Jolly interprets what she had said as merely expressing “concerns of being subjected to unfair labor practices.” Appellant Br. 26. Thus, Jolly contends that Kelly's and Barrow's interpretation of her comments, that Jolly implied “a desire to ․ cause harm,” was incorrect. Id. at 27. The Board heard testimony with respect to these two competing interpretations and favored the Army. See S.A. 24. “[F]avoring the testimony of [the] supervisor ․ over” the petitioner's is a “[c]redibility determination ․ within the discretion of the Board and, in general, such evalua-tions are virtually unreviewable on appeal.” Bruce v. Dep't of Veterans Affairs, 307 F. App'x 442, 445 (Fed. Cir. 2009) (per curiam) (citation and quotation marks omitted).

Jolly also argues in her petition for review that the Board failed to provide an “honest assessment” of the relevant Douglas factors. Appellant Br. 24. We find no error in the Board's conclusions.

Where an employee makes “threats ․ against her supervisor [that are] unprofessional and inappropriate, and ․ they adversely affect[ ] the work atmosphere,” the penalty of removal is “within the permissible range of reasonableness.” Harrison v. Dep't of Agr., 411 F. App'x 312, 315–16 (Fed. Cir. 2010) (per curiam). In such removal actions, the “AJ need not consider every one of the 12 Douglas factors;” rather, it is sufficient, for example, for the AJ to address “the nature and seriousness of the ․ charges [,] ․ petitioner's past disciplinary and perfor-mance records, and the deleterious effect of his course of misconduct.” Webster v. Dep't of Army, 911 F.2d 679, 686 (Fed. Cir. 1990).

Here, the Board found that the deciding official had “properly and thoroughly considered all of the relevant Douglas factors when she concluded that removal was an appropriate and reasonable penalty.” S.A. 26. Specifically, the Board found that “[w]hile [the deciding official] recognized the appellant's 22 years of civilian service, her length of service did not outweigh the seriousness of the misconduct[,] ․ the fact that [the deciding official] had lost confidence in the appellant[,] ․ [and] the sensitive nature of her threat.” Id. The Board also found that Jolly “fail[ed] to take responsibility for the misconduct” and that she “lack[ed] ․ remorse.” S.A. 27. Therefore, substantial evidence supports the Board's conclusion in this respect as well.

Finally, Jolly argues in her petition for review that her due process rights were violated because the deciding official for her termination, Barrow, was “at the center of a contentious relationship with” Jolly and was the alleged target of Jolly's remarks. Appellant Br. 23. Moreover, Jolly argues that Barrow improperly served as both the proposing official and deciding official for her removal. We do not view these facts as establishing a violation of due process.

First, “[a]t the pre-termination stage, it is not a violation of due process when the proposing and deciding roles are performed by the same person. The law does not presume that a supervisor who proposes to remove an employee is incapable of changing his or her mind upon hearing the employee's side of the case.” DeSarno v. Dep't of Commerce, 761 F.2d 657, 660 (Fed. Cir. 1985).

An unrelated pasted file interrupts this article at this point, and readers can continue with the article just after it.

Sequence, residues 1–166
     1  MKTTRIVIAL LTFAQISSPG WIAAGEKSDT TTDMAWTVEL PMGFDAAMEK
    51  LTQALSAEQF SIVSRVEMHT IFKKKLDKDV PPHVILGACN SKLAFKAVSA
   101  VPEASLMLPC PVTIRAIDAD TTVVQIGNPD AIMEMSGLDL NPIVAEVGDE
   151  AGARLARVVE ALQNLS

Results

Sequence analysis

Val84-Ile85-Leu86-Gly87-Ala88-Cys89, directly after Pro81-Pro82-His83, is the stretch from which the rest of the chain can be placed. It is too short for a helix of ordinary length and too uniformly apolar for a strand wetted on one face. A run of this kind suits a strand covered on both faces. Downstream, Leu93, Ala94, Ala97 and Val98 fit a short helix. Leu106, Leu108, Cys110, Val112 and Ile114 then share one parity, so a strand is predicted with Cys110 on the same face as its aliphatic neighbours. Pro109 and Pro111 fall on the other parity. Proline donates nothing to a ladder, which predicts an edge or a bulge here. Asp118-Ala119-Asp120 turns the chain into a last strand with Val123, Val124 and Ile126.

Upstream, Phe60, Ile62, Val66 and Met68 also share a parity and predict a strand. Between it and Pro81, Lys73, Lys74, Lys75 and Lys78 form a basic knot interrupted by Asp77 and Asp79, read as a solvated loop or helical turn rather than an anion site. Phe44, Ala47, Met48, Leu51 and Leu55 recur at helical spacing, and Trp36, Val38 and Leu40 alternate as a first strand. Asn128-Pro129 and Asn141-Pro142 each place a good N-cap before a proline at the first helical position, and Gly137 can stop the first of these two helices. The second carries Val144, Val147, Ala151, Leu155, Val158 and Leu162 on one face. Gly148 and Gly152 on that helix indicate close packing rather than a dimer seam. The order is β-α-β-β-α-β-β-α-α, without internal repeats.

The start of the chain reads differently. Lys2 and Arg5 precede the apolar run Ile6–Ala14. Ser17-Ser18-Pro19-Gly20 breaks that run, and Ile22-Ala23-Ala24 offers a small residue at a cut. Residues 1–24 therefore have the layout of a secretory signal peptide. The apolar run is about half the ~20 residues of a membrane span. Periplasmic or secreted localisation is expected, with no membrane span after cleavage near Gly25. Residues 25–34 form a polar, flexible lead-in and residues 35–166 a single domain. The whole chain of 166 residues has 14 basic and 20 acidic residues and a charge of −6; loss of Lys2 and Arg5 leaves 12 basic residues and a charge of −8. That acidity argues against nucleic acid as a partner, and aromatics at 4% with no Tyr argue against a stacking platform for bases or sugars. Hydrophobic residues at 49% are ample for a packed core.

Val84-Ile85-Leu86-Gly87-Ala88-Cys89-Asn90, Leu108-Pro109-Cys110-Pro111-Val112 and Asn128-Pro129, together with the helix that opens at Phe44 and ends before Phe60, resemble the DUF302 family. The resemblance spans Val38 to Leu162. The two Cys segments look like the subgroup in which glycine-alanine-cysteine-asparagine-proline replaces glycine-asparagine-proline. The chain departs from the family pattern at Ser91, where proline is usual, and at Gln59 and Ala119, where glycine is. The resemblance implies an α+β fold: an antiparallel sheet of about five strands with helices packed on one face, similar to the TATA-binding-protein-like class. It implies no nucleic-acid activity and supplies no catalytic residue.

Second, the standards of impartiality applicable to post-termination adjudications do not apply in the context of pre-termination hearings. “Nothing ․ limits the deciding official to being a neutral arbiter or requires that the deciding official be unfamiliar with the individual, the facts of the case, or the employee's prior conduct” during the pre-termination hearing. Norris v. S.E.C., 675 F.3d 1349, 1354 (Fed. Cir. 2012). We agree with the reasoning in McDaniels v. Flick, 59 F.3d 446 (3d Cir. 1995), where the Third Circuit adopted the rule that an impartial decision-maker at the pre-termination stage is not needed, citing to Fifth, Sixth, Ninth, and Eleventh Circuit precedents, because

[u]sually, an employment termination decision is made initially by the employee's direct supervisor ․—a sensible approach given that such person often is already familiar with the employee[ ]․ Yet, these individuals are also likely targets for claims of bias or improper motive simply because of their positions. ․ [T]o require ․ an impartial pretermination hearing in every instance would as a practical matter require that termination decisions initially be made by an outside party rather than the employer as charges of bias always could be made following an in-house discharge.

Id. at 458–60.

We have considered the petitioner's remaining argu-ments and find them without merit.

AFFIRMED

Costs

No costs.

FOOTNOTES

1.   Jolly initially appealed the Board's final order as a mixed-case involving discrimination claims in the Southern District of Georgia on May 13, 2016. See Jolly v. Dep't of the Army, No. 1:16-cv-00065-JRH-BKE (S.D. Ga. May 13, 2016), Dkt. No. 1. Jolly then abandoned her discrimination claims and sought vacatur and transfer of this case to the Federal Circuit, where she is afforded the benefit of her district court filing date. See Jolly v. Dep't of the Army, No. 1:16-cv-00065-JRH-BKE (S.D. Ga. Apr. 12, 2017), Dkt. No. 19. Thus, Jolly's petition is timely despite being docketed in our court beyond the 60-day limit for review.

Per Curiam.